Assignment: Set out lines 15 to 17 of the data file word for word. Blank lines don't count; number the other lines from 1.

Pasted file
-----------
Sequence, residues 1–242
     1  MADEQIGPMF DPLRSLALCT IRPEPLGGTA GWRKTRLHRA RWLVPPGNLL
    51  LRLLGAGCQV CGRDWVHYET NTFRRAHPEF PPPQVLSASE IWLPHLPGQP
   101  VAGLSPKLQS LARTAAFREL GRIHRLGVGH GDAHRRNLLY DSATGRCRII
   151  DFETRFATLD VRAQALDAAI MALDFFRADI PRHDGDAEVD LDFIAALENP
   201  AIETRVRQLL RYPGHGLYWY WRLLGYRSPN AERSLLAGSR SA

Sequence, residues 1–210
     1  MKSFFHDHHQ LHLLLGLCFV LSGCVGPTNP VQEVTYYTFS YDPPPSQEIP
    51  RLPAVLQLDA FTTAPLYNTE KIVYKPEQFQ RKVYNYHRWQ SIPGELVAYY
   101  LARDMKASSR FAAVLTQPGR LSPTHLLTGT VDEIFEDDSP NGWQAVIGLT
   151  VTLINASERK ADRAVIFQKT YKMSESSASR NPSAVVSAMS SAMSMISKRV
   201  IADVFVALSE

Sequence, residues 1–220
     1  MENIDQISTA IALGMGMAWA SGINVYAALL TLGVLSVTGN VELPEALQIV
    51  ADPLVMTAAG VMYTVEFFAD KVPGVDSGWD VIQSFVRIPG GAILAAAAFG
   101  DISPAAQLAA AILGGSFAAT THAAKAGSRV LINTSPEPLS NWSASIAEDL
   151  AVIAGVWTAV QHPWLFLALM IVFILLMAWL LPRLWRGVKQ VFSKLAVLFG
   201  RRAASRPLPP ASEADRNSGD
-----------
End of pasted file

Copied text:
    51  ADPLVMTAAG VMYTVEFFAD KVPGVDSGWD VIQSFVRIPG GAILAAAAFG
   101  DISPAAQLAA AILGGSFAAT THAAKAGSRV LINTSPEPLS NWSASIAEDL
   151  AVIAGVWTAV QHPWLFLALM IVFILLMAWL LPRLWRGVKQ VFSKLAVLFG